In 1997, Philip Jeck and his family moved to a new house in Liverpool, a city in the north west of England near Manchester. There was quite a lot of stuff to be moved, and the neighbour recommended a chap called Dave, who lived down the road and was a scrap dealer, and also did house clearance. PJ was told this would be cheaper than hiring a skip and doing it yourself, and also Dave’s mate would do all the lifting and carrying. Dave was promptly hired and they came round they were chatting away whilst working, Dave asked PJ what he did. PJ replied that he was a musician.
A few weeks later, there was a knock at the door, and it was Shirley, Dave’s wife. She said it was her granddaughter’s 7th birthday and could PJ do a show at the birthday party. PJ looked puzzled and replied: “I don’t really think what I do is appropriate for a kid’s party.” Shirley asked: “Is your act a bit ‘blue’?” To which PJ replied: “What is it you think I do?” Shirley said that Dave had told her PJ was a magician. PJ laughed and said: “Dave must have misheard me, I said I was a musician!” Shirley replied that Dave was a bit hard of hearing...
Well, PJ IS, of course, a magician. To be sure, yes he is a “musician”, but in reality he creates magical conjunctions without ever fully knowing what will come out of the hat. “If you make a mistake, do it again. Now it’s not a mistake anymore, it’s a part”, as Duane Allman said in Rolling Stone. Chance encounters and mistakes litter his work, but PJ has the historical perspective and musical knowledge to turn these ingredients into a creative, and of course homespun, recipe, rather than simply a melange of sound. Its one thing to throw in the ingredients, even if they are impeccably sourced, stir the pot and hope for the best. But PJ draws deep within himself, to access the parts the beer he had before the show cannot reach.
I see this often close up and first hand; at Lincoln Cathedral for a Spire event in October 2011, the audience broke through the critical psychological barrier in place in front of the performer, having been encouraged by me beforehand to “walk around this amazing building and listen to the sounds from different locations and perspectives.” One chap with a big nose had no sense of space or decorum, and thrust himself right into Jeck’s table of events. Looming over the turntable, as I hovered nearby to repel all borders, he loudly asked: “What is this chap trying to achieve?” Jeck ploughed on, (I managed somehow to deflect the nose’s interest) and produced one of THE great performances. Grace under pressure. [Trans.: That’ll teach the bastard!]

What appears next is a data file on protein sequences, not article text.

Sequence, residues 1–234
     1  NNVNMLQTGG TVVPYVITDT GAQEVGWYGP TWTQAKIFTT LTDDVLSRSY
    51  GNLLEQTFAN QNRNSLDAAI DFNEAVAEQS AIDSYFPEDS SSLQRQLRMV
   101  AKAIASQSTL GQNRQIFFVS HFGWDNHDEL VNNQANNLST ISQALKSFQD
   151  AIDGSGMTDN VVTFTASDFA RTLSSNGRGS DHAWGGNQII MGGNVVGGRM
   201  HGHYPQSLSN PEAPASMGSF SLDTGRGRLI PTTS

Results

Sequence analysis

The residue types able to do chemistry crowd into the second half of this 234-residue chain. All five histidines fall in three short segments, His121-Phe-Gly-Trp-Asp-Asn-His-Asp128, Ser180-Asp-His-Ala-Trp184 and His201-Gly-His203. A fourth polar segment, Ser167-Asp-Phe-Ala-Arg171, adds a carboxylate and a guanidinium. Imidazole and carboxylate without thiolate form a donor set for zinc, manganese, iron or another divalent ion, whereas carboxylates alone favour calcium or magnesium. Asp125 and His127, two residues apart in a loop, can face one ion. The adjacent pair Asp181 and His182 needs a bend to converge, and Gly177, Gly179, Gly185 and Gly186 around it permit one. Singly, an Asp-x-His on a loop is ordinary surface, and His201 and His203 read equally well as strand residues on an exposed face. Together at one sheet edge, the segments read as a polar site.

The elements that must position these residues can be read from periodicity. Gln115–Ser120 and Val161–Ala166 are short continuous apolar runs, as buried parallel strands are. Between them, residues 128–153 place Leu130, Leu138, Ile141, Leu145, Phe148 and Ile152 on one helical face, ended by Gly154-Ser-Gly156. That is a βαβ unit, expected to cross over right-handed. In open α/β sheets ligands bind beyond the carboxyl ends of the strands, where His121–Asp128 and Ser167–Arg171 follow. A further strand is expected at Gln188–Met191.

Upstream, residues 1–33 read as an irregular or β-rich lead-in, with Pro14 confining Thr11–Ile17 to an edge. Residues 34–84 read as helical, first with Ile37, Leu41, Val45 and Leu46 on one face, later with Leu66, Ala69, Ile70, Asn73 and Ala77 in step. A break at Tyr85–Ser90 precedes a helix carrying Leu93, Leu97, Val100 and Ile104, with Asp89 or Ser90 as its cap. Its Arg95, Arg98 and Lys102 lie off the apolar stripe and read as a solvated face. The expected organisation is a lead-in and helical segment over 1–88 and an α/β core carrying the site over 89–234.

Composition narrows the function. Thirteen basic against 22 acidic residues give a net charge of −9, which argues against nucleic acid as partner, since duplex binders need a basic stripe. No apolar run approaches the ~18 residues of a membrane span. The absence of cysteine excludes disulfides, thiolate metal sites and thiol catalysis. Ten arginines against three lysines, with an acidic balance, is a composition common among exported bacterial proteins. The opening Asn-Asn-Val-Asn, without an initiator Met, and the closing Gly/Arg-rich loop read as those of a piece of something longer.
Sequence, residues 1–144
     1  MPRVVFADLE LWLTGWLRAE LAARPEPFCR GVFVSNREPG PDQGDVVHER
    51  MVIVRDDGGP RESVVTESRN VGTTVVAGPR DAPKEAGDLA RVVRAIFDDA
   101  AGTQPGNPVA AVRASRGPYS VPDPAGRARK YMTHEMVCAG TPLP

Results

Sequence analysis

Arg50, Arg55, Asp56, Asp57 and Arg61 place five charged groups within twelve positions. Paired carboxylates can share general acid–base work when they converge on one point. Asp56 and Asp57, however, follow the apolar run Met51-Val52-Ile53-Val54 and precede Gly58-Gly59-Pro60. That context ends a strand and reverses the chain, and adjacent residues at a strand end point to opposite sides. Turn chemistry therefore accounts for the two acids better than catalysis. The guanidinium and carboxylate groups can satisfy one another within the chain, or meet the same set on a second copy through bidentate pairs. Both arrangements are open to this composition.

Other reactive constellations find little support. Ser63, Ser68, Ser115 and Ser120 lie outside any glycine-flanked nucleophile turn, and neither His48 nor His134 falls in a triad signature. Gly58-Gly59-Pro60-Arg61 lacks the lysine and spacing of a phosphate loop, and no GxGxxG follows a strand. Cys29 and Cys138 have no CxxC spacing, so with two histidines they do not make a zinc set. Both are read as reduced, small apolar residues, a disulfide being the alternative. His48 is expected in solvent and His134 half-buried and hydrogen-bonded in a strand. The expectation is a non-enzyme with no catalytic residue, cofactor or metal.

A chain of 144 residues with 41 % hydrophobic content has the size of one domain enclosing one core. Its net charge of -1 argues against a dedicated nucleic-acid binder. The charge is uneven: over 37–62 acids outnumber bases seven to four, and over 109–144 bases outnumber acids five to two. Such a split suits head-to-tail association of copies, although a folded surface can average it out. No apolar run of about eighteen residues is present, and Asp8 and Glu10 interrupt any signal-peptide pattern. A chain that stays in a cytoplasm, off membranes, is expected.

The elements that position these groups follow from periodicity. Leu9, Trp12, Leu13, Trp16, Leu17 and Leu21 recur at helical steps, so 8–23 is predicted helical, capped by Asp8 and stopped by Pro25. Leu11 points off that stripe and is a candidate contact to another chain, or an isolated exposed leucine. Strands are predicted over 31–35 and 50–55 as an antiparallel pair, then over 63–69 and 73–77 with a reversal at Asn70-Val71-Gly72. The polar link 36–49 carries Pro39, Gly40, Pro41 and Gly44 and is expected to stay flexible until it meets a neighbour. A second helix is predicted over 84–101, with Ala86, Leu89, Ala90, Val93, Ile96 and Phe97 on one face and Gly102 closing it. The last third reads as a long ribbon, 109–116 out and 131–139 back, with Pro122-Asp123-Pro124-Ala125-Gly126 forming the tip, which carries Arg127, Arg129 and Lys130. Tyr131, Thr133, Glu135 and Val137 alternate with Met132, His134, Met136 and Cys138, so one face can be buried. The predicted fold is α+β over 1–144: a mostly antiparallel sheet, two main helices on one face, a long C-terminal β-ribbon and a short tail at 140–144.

It’s never dull. Evenings in Liverpool involve excellent food, lashings of booze and laughter and a thorough and often surprising musical education... leaping from one side of the sitting room (CDs) to the other (LPs) past the hi-fi, PJ spins a feast of concoctions made from muso-magical ingredients. No barriers, no genres, just quality fare, always, but always with a story. PJ dances around the room, then slumps onto the sofa, wine glass at a tilt, as he listens with amazement to sounds he has heard many times before, but is still as excited and entranced as he ever was by them.
This childlike quality carries over into all aspects of his work and life. Ever-playful, teasing, great jokes (his own and others “fork handles!”), PJ is a straightforward, complicated man. He told me he was 60 in 2011, when in fact it’s 2012... (twice as old as Touch, then!), keenly aware of the transience of things and surprisingly well-read, given his peripatetic education. Very funny and serious; hugely sympathetic to the suffering of others, having done so much himself, but doesn’t suffer fools gladly; the tears of disbelief when he won a hugely prestigious composers award reveal a deep humility. All this is poured into his work, the record deck motors powered by emotion as much as experience and will.
PJ accepts the travails and boredom of travelling as a necessary curse to get where he really wants to be - live behind his decks, spinning, messing, larking about in deadly seriousness. I try to record his sound checks where this balance of opposites plays out most interestingly. Some of the audio gets used as a contribution towards edits he uses for his releases. To PJ they are not enough on their own... merely a chance practice to stretch out, like the footballer on the touchline, warming up. It’s bloody magic to me.
In some ways, to be this age is the perfect place to be. Culturally, he witnessed the great explosions of musical freedom in the 60s and 70s, saw analogue reach its apogee and the transformation info digital. Comfortable with both, he sees their utility and limit. A rough childhood, awakening at Dartington, chance encounters in New York City and elsewhere constitute the creative foundations which now bear fruit.
This is beginning to sound like an obituary.
The Great Jeck. Long may he last!
Mike Harding is the founder and publisher of Touch as well as a respected curator, producer, lecturer, publisher, author as well as editor.
Read more on the Conexions concert series here.